Exhibition

Mathieu Dufois, Une ombre qui jamais ne s'éteint

6 Jun 2020 – 18 Jul 2020

Regular hours

Monday
Closed
Tuesday
10:00 – 18:00
Wednesday
10:00 – 18:00
Thursday
10:00 – 18:00
Friday
10:00 – 18:00
Saturday
10:00 – 18:00
Sunday
10:00 – 18:00

Praz-Delavallade - Paris

Paris
Paris, France

Address

Travel Information

  • M11 - Rambuteau

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About

Praz-Delavallade is proud to welcome Mathieu Dufois into its team of artists and it is with great pleasure that we present his first exhibition “Une ombre qui jamais ne s’éteint”.
It is commonly accepted that drawing is the extension of an artist’s soul and, were this indeed true, the axiom would spontaneously bring the name of Mathieu Dufois to mind. How could it not when this young artist (born in 1984) is so truly inhabited by the philosophy of seeing? I recall a comparison of Wittgenstein’s in which the philosopher’s
and artist’s ambitions immediately and forcefully suggest that, from a visual perspective, the manner of apprehending the whole – this network of constellations or relationships – is to be found in an emphasis grounded in this accurate way of seeing.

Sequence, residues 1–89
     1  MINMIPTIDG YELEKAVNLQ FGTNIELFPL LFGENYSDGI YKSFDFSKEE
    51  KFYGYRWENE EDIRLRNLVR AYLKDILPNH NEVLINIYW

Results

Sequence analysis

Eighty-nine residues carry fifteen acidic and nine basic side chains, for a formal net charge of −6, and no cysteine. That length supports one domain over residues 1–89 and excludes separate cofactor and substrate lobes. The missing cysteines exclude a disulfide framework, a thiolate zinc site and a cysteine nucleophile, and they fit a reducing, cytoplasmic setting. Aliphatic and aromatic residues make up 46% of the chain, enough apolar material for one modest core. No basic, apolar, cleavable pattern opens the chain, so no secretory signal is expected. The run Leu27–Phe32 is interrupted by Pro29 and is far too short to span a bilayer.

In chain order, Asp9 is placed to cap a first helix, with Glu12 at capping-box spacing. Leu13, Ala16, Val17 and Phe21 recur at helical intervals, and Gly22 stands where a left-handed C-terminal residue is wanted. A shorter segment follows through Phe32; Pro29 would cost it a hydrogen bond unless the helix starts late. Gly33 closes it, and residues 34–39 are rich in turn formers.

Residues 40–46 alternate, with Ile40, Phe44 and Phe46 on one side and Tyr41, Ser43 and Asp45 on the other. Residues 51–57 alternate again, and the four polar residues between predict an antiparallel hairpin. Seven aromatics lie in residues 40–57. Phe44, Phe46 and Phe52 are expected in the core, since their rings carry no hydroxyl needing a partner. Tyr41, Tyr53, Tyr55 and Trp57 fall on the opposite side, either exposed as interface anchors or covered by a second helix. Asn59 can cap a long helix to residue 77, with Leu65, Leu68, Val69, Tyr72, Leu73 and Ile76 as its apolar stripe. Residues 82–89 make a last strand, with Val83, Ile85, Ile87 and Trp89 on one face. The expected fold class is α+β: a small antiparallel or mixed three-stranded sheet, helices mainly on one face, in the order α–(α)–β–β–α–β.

Mathieu Dufois conveys his perception of the world with astonishing delicacy, imbuing it with multi-dimensional aspects in which volume combines with movement to push back the boundaries of visual language and impose its own means of expression in its place. The world is both a theatre of reality and a place of imagination and, in this first body of work inspired by Fayoum Oasis, Mathieu Dufois has chosen to illustrate this fact by working from a collection of images from his residency in Egypt from October to December 2018. “I am not interested in reproducing reality. I try to work with its echoes and reflections”, he explains. His art reveals its nature: it arises out of a desire to embody and to identify, one that results from his fascination with the images accumulated during his stay. “I wandered through scattered villages all over this land irrigated by the Nile and far from dense pockets of civilisation. The particular emotions I felt in these rural areas were caused by a very peculiar notion of the passing of time.” In these places time was held in check and frozen, calling its very reality into question. A shadowy simulacrum floated over everything, an opportune occurrence seeing that Dufois is endeavouring to find a form of expression born out of shadow, drawings printed by nature itself. By means of his daytime and nocturnal wanderings, he separated the shadows from the other elements bathed in light, reviving the visible with the help of the invisible. Do not however consider this as a contradiction, but rather as a passage between two hidden worlds, two stages on which the action takes place and all that remains is to seize it and be granted, in return, with a lasting system of perception.

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